The treatment for diarrhoea induced by food poisoning is the same as that caused by infection: Keep your child hydrated, and if you have any concerns, contact your doctor.

  • Some examples are other causes of diarrhoea, irritable bowel syndrome, Crohn’s disease, ulcerative colitis, food allergies, and celiac disease. Call your doctor if you’re not sure what’s causing your child’s diarrhoea.

source - happy family organics

Children and Diarrhoea: Recognizing Dehydration

One of the most concerning consequences of diarrhoea in children is dehydration. On the other hand, moderate or severe diarrhoea may result in substantial fluid loss.

Severe dehydration may lead to seizures, brain damage, and even death. Recognise the symptoms of dehydration. If your child develops any of the following symptoms, contact your doctor right once.

  • Light-headedness and dizziness
  • The mouth feels dry and sticky.
  • Urine that is dark yellow, or urine that is very little or none at all
  • When crying, there are little or no tears.
  • Skin that is cool and dry
  • Energy deficiency

When to Call a Doctor About Your Child’s Diarrhoea

Diarrhoea generally clears up after a few days, but it may be dangerous. Don’t hesitate to get assistance if your child exhibits any of these symptoms.

Call 911 if your child:

  • Is too frail to stand
  • Is it confused or dizzy?

Call your doctor right away if your child:

  • It seems that they are in poor health.
  • Has been sick for more than three days with diarrhoea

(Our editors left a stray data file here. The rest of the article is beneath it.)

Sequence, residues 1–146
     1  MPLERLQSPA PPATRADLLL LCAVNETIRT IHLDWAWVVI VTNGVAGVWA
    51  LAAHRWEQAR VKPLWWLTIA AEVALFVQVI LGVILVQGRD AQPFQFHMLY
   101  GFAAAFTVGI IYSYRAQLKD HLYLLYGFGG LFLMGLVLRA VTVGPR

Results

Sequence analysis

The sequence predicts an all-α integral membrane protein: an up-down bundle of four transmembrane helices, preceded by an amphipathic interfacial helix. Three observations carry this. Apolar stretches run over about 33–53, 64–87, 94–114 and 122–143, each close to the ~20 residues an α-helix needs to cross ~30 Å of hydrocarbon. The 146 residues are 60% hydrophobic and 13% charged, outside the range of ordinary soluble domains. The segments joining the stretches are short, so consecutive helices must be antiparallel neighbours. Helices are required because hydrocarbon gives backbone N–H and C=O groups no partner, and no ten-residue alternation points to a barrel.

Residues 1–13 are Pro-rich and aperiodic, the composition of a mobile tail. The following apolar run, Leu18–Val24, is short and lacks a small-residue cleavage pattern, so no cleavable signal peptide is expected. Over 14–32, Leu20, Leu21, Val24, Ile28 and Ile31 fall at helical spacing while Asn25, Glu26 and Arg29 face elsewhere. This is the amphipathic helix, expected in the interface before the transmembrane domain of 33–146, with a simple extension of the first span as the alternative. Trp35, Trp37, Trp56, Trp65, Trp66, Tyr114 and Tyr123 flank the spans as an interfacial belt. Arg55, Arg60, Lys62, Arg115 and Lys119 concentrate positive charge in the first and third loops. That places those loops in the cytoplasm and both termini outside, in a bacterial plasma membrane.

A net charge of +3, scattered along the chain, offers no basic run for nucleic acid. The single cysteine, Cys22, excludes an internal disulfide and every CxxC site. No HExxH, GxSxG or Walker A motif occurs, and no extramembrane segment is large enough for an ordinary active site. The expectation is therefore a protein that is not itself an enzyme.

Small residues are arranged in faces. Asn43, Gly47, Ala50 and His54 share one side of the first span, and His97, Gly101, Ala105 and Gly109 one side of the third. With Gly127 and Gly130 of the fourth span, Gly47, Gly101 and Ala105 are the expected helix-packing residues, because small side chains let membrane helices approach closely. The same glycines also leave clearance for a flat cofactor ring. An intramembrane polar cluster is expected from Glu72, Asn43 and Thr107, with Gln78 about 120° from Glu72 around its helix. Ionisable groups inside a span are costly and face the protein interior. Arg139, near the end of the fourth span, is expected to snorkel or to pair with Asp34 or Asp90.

• Are they under the age of six months?
  • Is the vomit bloody, green, or yellow?
  • Can’t keep fluids down or has vomited more than twice
  • Has a fever that lasts more than six months or is under the age of 6 months and has a temperature of more than 100.4° F (determined by a rectal thermometer)
  • He seems to be dehydrated.
  • Has bloody faeces
  • Is under a month old and has had three or more bouts of diarrhoea
  • Doesn’t drink enough and passes more than four diarrhoea stools in eight hours
  • Has a compromised immune system
  • Is there a rash?
  • Has been experiencing stomach discomfort for more than two hours
  • Has not urinated in 6 hours if a baby or 12 hours if a child

NOTE: If your baby develops a temperature of more than 38 degrees Celcius (100.4 degrees Fahrenheit), do not give them fever medication.

Sources

  1. https://www.webmd.com/children/guide/diarrhea-treatment 
  2. Seattle Children’s Hospital: “Should Your Child See a Doctor? Diarrhea."
  3. Centers for Disease Control and Prevention: “Viral Gastroenteritis."
  4. Children’s Hospital Colorado: “Diarrhea."
  5. National Institutes of Health: “Diarrhea in Children – Diet;" “Dehydration;" “Food Poisoning;" “Diarrhea;" and “Probiotics For Pediatric Antibiotic-Associated Diarrhea: A Meta-Analysis Of Randomized Placebo-Controlled Trials."
  6. KidsHealth.org: “Infections: Diarrhea."